By Evie Andreou
A MASTER plan which is hoped will put an end to a 25-year dispute over the fate of the Akamas peninsula, will be presented at the Presidential Palace on Friday by the coordinating committee comprising the Akamas landowners and the local community councils.
The coordinating committee will meet with Under-secretary to the President Constantinos Petrides to discuss the final stage of the project.
In the proposal, the committee suggests the creation of a strategic plan for the development of sustainable ecotourism for the whole Akamas Peninsula, incorporated within a management plan which will protect the Akamas forest and biodiversity, with the formation at the same time of a compensation and land exchange committee.
“If the government adopts these steps it will be the right path that will lead to the solution of a 25-year-old problem,” the committee said in an announcement.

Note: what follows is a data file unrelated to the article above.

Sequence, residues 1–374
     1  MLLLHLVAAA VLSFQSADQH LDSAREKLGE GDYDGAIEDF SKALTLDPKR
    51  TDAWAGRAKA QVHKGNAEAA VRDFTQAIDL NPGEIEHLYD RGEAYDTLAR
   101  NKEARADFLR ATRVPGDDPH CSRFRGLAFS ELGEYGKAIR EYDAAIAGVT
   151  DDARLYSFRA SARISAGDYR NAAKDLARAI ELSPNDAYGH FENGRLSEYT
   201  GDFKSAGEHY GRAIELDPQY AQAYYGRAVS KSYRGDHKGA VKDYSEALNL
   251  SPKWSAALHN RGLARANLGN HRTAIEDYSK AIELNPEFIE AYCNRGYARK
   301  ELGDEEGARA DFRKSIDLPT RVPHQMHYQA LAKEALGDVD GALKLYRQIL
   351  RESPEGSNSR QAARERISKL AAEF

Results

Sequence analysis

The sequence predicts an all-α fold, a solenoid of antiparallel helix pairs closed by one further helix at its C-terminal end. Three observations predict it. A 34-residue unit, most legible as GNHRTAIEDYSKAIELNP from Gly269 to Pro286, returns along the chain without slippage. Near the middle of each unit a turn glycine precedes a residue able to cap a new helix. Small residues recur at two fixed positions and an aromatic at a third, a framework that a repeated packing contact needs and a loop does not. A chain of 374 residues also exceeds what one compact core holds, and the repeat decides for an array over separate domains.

The coordinating committee will also express its concerns over the one-sided activity which took place after the project was delivered to the Agriculture ministry.
It claims that the Environment department has not consulted with the communities and affected landowners of the area after the project was prepared and that officials only considered the opinions of the various departments of Agriculture and Interior, as well as the senior officer responsible for the Akamas plan.
“If this information is correct, it will be an unprecedented scandal within the Agriculture ministry,” the committee said.
In April, residents and landowners of the region agreed to approve the EU Natura 2000 environmental protection programme.
Akamas was designated a protected natural habitat within the Natura 2000 network, much to the displeasure of those residents who owned land within the territory.
In the last 25 years, various administrations have repeatedly presented the land owners with expropriation proposals but the owners have rejected them every time.